In addition to the names above, his essays contain fleeting or minor references to Ambrose Bierce, Truman Capote, O. Henry, Henry James, Herman Melville, Henry Miller, Philip Roth, and Walt Whitman.

This indicates that he read fairly widely in American literature. He seems to have read both in translation and in the original English and, in general, assessed the state of the 20th-century novel and publishing industry in the United States as positive, although Paris remained, as ever, the most important city for publishing and networking for any author in the world. According to Kiš‘s ex-wife, Mirjana Miočinović, he visited the United States only twice, both times in the 1980s; visits with publishers, intellectuals, and academics in New York were the focus of both trips. He typically communicated with Americans in French or through a translator, because his English was not “good enough to speak with the precision and unambiguousness on which Danilo insisted.”6

Kiš had a major impact on established American writers such as Philip Roth, who included Kiš‘s A Tomb for Boris Davidovich in his pathbreaking series for Penguin begun in the late 1970s, Writers from the Other Europe7; on younger generations of American fiction writers, such as William T. Vollmann, who touchingly dedicated his huge National Book Award-winning novel Europe Central (2005); and on critics such as Susan Sontag, with whom Kiš corresponded in French and who published an English version of Homo Poeticus during the horrific war in Bosnia in 1995.

Credit for Kiš‘s profile in the United States would seem to lie with his excellent translators from the 1970s through the 1990s. Below is a list of book-length translations of his work. Although it exceeds the scope of this brief essay, an accounting of Kiš‘s impact in the United States would also include his many published interviews, the individual journals (such as The New Yorker) in which his stories and essays appeared, and also the major discussions of his work in British and American media since 2000 (such as the Times Literary Review). Citations of individual stories or articles by and about Kiš can be easily located using the multi-volume bibliographies of Vasa D. Mihailovich.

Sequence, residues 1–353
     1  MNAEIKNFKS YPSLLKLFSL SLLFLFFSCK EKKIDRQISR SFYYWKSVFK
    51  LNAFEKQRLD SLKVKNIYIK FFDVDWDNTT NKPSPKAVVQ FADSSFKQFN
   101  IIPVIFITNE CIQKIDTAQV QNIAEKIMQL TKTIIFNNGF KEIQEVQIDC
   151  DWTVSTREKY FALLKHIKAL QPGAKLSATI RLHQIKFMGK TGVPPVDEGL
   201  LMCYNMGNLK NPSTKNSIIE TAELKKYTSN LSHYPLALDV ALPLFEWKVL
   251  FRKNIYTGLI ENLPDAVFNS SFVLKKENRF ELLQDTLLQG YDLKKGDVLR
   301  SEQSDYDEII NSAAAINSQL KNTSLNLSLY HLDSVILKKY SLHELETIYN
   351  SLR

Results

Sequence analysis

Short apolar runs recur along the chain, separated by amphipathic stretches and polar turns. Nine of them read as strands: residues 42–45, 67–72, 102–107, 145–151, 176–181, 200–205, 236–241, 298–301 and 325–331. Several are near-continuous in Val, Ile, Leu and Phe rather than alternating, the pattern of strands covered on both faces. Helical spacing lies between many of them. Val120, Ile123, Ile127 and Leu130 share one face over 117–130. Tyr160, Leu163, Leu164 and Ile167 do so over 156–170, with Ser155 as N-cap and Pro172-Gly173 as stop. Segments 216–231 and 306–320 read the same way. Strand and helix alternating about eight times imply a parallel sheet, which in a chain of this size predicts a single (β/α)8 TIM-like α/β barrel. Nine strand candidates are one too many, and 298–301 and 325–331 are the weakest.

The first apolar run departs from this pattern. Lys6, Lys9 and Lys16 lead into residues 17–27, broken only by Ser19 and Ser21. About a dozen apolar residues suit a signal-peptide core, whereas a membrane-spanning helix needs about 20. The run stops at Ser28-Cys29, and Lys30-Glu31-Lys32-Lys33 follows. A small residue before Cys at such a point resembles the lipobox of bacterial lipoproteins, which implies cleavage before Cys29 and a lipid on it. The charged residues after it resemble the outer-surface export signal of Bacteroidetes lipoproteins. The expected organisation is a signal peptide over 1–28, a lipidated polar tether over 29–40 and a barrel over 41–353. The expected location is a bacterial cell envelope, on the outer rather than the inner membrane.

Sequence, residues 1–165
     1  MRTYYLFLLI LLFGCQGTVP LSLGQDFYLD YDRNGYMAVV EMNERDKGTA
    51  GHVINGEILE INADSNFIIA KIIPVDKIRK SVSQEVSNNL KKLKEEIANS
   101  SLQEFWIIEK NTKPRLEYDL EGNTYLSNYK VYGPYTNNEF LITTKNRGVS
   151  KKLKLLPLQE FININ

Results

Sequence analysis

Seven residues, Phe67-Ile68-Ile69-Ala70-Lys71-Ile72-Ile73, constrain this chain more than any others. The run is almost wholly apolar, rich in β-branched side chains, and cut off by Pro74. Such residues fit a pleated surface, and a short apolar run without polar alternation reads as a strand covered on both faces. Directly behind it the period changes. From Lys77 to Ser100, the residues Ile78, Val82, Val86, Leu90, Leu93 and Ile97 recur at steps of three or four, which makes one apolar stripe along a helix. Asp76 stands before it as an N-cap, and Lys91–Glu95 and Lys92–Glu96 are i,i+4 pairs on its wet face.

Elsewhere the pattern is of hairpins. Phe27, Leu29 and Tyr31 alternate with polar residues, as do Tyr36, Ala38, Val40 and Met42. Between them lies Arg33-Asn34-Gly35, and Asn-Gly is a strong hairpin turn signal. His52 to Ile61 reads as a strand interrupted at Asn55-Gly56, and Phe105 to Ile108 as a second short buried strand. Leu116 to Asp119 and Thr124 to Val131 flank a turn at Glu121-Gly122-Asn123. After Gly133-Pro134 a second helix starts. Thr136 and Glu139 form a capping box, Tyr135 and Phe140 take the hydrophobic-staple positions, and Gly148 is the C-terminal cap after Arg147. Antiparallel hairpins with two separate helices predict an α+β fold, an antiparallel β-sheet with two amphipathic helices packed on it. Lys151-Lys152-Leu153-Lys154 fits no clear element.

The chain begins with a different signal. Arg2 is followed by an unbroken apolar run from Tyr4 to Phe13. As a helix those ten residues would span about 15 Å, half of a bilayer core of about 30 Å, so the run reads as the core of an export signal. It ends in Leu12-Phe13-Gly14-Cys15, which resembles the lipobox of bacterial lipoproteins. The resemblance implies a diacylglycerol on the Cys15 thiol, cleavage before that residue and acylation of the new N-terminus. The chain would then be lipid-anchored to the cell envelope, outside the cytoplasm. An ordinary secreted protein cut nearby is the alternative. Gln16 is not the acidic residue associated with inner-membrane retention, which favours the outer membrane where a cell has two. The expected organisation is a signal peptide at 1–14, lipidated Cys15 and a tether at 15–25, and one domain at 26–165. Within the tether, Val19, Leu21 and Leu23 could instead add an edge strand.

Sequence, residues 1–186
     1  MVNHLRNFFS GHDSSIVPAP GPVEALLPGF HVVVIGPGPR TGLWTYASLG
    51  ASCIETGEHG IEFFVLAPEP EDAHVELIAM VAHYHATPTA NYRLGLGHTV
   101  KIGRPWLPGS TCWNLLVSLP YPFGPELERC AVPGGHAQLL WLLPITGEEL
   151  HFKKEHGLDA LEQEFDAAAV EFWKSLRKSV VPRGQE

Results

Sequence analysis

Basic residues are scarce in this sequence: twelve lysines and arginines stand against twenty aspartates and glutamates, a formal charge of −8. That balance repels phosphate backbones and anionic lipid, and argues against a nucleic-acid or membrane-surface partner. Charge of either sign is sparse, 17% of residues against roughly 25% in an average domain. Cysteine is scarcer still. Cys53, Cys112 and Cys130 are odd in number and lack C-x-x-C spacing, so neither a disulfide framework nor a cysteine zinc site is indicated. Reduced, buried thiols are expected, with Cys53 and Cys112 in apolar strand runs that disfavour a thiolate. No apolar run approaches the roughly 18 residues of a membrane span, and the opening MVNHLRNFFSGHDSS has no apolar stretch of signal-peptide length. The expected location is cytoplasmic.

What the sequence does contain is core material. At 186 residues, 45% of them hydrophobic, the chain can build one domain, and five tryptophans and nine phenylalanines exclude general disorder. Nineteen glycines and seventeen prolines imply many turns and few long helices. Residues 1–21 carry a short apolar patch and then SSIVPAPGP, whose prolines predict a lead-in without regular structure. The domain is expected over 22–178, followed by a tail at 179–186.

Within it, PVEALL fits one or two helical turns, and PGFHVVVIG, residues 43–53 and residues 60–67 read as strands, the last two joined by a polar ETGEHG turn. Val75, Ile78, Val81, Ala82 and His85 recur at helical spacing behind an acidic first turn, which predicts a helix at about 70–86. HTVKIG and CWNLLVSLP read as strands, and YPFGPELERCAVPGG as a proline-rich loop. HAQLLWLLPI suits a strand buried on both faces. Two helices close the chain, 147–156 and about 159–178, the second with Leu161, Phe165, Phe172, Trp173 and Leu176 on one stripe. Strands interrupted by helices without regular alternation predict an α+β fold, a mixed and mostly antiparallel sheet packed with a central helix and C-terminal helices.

Major Transalations

1975: Garden, Ashes by William J. Hannaher (orig. Bašta, pepeo, 1965)
1978: A Tomb for Boris Davidovich by Duška Mikić-Mitchell (Grobnica za Borisa Davidoviča: sedam poglavlja jedne zajedničke povesti, 1976)
1989: The Encyclopedia of the Dead by Michael Henry Heim (Enciklopedija mrtvih, 1983)
1990: Hourglass by Ralph Manheim (Peščanik, 1972)
1995: Homo Poeticus: Essays and Interviews by Ralph Manheim, Michael Henry Heim, and Francis Jones (anthology drawn from several volumes of Kiš‘s collected works, including Homo poeticus, 1983)
1998: Early Sorrows: For Children and Sensitive Readers by Michael Henry Heim (Rani jadi: za decu i osetljive, 1970)
2008: The Attic by John K. Cox (Mansarda: satirična poema, 1962)
2012: The Lute and the Scars by John K. Cox (Lauta i ožiljci, 1994)
2012: Psalm 44, by John K. Cox (Psalam 44, 1962)
2014: Night and Fog: The Collected Dramas and Screenplays of Danilo Kiš by John K. Cox (anthology drawn from Noć i magla, 1983; Pesme, Elektra, 1995; and Dva filmska scenarija, 2011)
Forthcoming in 2015: Apollinaire Dreams of Love: Poetry by Danilo Kiš by John K. Cox (anthology drawn from Pesme, Elektra, 1995)

America and Americans in Individual Works

Unfortunately there are not many substantial references to the United States in Kiš‘s works. The thin documentary record here does not bear much theorizing. This is a natural and organic state of affairs, because, although Kiš was an extremely open-minded and cosmopolitan advocate of world literature, his own creative works, with their strongly autobiographical roots, grew out of European and Eurasian history. Nonetheless, examination of a few relevant scenes reinforces our understanding of key mechanisms and ideas in Kiš‘s work. The examples below move, in turn, from ironic distance from tragedy, to the persecution of the outsider, to a vociferous defense of the independence of artists.